Once you tire of limit-handling shenanigans, you drop back into Performance mode to cool things down. By the time you’re at the bottom of the mountain, the battery is nearly fully charged, and you drive home in electric mode, making it back to your villa with 5 miles of range left. The above isn’t marketing baloney: I spent six hours driving the SF90 all over Los Angeles, and it’s exactly what I experienced.

I need to mention I did not drive the standard SF90 Stradale; I drove the even sportier and track-focused Assetto Fiorano version. Hand Ferrari an additional $56,000, and you get a significantly upgraded car. The standard adjustable dampers are replaced by fixed Multimatic shocks. Steel becomes titanium for the springs and exhaust system. The underbody and door panels are fully carbon fiber.

This all results in a 66-pound weight reduction. Ferrari claims the SF90 weighs 3,454 pounds, which would put Assetto Fiorano models at less than 3,400 pounds. Emphasis on the word “claims.” That’s the dry weight; it’s more like 3,839 in the real world (more on this on the next page).

The carbon-fiber rear spoiler and other clever aerodynamic tricks deliver 859 pounds of downforce at 155 mph. Lastly, the standard tires are replaced with Michelin Pilot Sport Cup 2s designed for the Assetto Fiorano. These meats are a bit softer of compound to partially compensate for the Assetto’s stiffer ride.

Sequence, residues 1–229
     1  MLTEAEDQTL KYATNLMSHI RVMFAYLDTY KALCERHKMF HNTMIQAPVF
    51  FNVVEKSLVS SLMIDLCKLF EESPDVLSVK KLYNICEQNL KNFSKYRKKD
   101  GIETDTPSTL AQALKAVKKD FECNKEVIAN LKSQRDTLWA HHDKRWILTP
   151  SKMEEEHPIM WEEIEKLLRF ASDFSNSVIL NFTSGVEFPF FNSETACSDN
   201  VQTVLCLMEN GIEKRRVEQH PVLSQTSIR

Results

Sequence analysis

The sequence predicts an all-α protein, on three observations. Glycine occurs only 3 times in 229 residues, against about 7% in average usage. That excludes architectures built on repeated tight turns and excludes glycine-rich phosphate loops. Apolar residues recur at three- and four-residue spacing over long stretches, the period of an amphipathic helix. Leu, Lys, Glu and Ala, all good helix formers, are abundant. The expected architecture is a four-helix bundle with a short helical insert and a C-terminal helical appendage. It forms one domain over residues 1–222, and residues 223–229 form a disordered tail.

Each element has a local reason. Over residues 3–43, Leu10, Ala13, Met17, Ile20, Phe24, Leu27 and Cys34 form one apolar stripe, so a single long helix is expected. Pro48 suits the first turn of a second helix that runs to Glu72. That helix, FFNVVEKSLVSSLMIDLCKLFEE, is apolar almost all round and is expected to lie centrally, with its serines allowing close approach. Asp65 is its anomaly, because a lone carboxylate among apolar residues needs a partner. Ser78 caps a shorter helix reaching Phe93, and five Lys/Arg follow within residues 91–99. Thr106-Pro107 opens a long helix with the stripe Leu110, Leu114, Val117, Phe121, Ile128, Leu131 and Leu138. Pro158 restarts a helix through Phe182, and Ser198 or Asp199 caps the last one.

Ferrari says roughly 50 percent of SF90 customers have ordered the Assetto Fiorano specification. One caveat: You cannot spec a front-end lift system on the Assetto Fiorano, which will no doubt turn off some buyers. However, the car rides much taller than others of its ilk; I only scraped the lip once.

As for the design, the SF90 looks like it was born in a wind tunnel rather than on someone’s sketchpad. In fact, there are 14 paragraphs in the press release related to aerodynamics, which is what happens when a Formula 1 manufacturer builds a modern hypercar. What are those 14 paragraphs about? Turns out, a lot. Some highlights include the struggle between downforce and aero efficiency. Anything this powerful needs to stick to the ground, but EVs and PHEVs must be slippery. Additionally, the engine, the three electric motors, the battery, the brakes, the fluids—even the passengers—need to be kept cool. Air needs to be manipulated in ingenious ways.

Additionally, sometimes you want 859 pounds of downforce, and sometimes you don’t. This means you can stall both the front and rear wings. The rear section is particularly tricky. The wing is in two sections (one fixed, one on electric actuators) suspended between the rear fenders. In normal driving conditions, air flows over and under both pieces. When downforce is needed, the lower section (a.k.a. the shut-off Gurney flap) drops down to close off the flow underneath and create a totally new tail geometry.